Home > Neurology > AAN 2023 > Teriflunomide prevents conversion to MS in patients with RIS

Teriflunomide prevents conversion to MS in patients with RIS

Presented By
Dr Christine Lebrun-Frenay, Centre Hospitalier Universitaire de Nice, France
AAN 2023
Phase 3, TERIS

In people with radiologically isolated syndrome (RIS), treatment with teriflunomide resulted in a 62% risk reduction compared with a placebo for a first clinical event related to the CNS. These outcomes add evidence for the benefit of early intervention with disease-modifying treatment (DMT) in the demyelinating spectrum of multiple sclerosis (MS).

RIS represents the earliest detectable pre-clinical phase of MS. MRI features of RIS subjects are highly similar to MS without clinical symptoms. In a previous study (NCT02739542), the use of dimethyl fumarate (DMF) to prevent the clinical onset of MS was associated with a risk reduction of >80% [2]. The phase 3 TERIS study (NCT03122652) aimed to evaluate the efficacy and safety of the DMT teriflunomide, with a different mechanism of action, in a cohort of participants with RIS from Europe and Turkey.

First author Dr Christine Lebrun-Frenay (Centre Hospitalier Universitaire de Nice, France) presented the results [1]. She explained that the TERIS study included 89 participants of 18 years or older who fulfilled the 2009 RIS criteria. Participants were randomised 1:1 to teriflunomide (14 mg daily) or a placebo. The primary outcome measure was the time-to-onset of a first clinical symptom that can be attributed to a CNS demyelinating event over 96 weeks. Of randomised participants, 63 (71%) were women, the mean age was 40 years, and the age at index MRI was 38 years.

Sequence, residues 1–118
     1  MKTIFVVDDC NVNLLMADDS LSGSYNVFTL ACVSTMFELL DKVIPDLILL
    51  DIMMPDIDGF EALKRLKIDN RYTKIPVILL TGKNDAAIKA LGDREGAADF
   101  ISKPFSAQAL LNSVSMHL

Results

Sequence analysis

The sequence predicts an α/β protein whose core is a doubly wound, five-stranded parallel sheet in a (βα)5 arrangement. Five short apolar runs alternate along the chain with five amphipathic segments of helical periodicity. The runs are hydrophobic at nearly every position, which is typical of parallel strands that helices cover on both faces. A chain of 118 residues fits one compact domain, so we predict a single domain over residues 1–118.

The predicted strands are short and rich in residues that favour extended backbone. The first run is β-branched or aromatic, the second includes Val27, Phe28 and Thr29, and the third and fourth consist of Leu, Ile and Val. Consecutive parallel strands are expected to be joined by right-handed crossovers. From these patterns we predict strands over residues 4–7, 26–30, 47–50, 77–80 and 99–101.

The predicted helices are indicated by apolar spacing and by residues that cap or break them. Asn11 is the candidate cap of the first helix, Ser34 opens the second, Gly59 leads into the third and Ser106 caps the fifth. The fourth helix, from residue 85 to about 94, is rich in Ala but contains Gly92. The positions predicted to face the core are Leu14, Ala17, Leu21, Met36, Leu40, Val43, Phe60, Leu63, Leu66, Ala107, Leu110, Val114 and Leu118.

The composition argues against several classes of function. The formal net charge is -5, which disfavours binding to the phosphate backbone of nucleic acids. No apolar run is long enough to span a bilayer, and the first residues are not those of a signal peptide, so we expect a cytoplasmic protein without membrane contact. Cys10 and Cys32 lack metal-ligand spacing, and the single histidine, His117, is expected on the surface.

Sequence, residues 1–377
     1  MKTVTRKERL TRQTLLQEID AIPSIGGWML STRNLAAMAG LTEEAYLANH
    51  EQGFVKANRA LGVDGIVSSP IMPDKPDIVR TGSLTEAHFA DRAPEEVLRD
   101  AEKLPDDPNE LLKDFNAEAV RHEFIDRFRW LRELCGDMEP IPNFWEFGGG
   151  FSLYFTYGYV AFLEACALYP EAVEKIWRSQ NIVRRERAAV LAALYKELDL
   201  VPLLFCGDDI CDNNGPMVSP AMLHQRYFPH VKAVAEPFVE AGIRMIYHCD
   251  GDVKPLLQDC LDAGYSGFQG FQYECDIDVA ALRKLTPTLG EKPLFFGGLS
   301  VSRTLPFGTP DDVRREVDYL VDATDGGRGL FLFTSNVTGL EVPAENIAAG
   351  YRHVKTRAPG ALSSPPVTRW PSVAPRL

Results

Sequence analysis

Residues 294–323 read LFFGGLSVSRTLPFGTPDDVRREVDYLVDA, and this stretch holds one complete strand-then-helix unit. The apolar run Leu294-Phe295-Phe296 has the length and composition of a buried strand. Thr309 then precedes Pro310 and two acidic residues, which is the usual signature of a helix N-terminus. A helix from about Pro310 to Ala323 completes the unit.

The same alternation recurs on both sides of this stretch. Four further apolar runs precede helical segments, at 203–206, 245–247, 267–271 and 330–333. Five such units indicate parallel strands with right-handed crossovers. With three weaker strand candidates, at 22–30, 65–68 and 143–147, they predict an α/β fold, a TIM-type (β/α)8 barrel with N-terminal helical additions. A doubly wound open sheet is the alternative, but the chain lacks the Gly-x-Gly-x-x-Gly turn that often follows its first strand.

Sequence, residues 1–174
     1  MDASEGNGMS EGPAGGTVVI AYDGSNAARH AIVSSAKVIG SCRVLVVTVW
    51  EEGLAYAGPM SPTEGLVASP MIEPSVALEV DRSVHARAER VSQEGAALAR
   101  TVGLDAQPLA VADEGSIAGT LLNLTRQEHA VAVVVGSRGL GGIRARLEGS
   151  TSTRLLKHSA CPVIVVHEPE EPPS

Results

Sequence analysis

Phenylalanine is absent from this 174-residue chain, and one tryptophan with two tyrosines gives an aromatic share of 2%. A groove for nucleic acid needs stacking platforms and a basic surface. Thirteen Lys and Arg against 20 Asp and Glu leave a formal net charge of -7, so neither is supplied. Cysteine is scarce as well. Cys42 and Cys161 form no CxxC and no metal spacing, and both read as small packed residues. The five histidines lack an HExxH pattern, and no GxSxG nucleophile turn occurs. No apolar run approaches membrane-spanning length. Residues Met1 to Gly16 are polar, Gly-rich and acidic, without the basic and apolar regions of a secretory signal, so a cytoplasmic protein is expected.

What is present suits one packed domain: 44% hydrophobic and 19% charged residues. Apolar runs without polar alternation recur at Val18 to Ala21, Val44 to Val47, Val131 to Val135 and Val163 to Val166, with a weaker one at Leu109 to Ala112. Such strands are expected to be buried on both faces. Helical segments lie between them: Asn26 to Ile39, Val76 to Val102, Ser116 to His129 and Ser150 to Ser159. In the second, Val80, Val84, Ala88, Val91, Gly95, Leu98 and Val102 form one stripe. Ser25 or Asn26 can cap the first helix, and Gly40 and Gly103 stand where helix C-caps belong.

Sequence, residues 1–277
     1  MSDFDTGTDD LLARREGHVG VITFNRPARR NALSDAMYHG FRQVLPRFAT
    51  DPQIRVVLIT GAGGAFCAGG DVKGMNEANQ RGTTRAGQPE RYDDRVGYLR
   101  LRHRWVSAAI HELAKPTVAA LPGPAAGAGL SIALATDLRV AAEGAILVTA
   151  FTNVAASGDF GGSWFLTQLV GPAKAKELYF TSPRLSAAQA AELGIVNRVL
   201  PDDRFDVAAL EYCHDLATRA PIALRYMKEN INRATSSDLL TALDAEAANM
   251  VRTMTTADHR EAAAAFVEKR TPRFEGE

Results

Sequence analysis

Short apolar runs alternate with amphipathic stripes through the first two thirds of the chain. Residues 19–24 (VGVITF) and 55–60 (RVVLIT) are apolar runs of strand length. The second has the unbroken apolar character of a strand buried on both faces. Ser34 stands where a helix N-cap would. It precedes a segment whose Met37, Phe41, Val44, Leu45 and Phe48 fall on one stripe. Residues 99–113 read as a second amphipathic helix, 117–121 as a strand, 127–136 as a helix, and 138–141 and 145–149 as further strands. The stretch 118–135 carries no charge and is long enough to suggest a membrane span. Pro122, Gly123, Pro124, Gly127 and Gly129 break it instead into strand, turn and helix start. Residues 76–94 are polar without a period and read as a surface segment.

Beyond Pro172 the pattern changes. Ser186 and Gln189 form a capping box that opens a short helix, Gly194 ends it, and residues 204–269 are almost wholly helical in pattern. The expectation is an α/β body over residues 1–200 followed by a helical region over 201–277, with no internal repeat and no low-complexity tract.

During 96 weeks of follow-up, 28 clinical events were detected: 8 in the teriflunomide, and 20 in the placebo group. This difference was significant in both the unadjusted and adjusted analysis. In the unadjusted analysis, the hazard ratio (HR) was 0.37 (95% CI 0.16–0.84; P=0.018). In the adjusted analysis, the HR was 0.28 (0.11–0.71; P=0.007).

Though not statistically significant, the number of MRI lesions was also lower in the treatment group compared to placebo. For the cumulative number of Gd+ lesions, the adjusted rate ratio (RR) was 0.33 (0.09–1.37; P=0.086). For new or enlarging T2 lesions, the adjusted RR was 0.57 (0.27–1.20; P=0.139).

    1. Lebrun-Frenay C, et al. Teriflunomide (Aubagio) extends the time to multiple sclerosis in radiologically isolated syndrome: The TERIS study. Session ES2.010, AAN 2023 Annual Meeting, 22–27 April, Boston, USA.
    2. Okuda DT, et al. Ann Neurol 2023;93(3):604–614.


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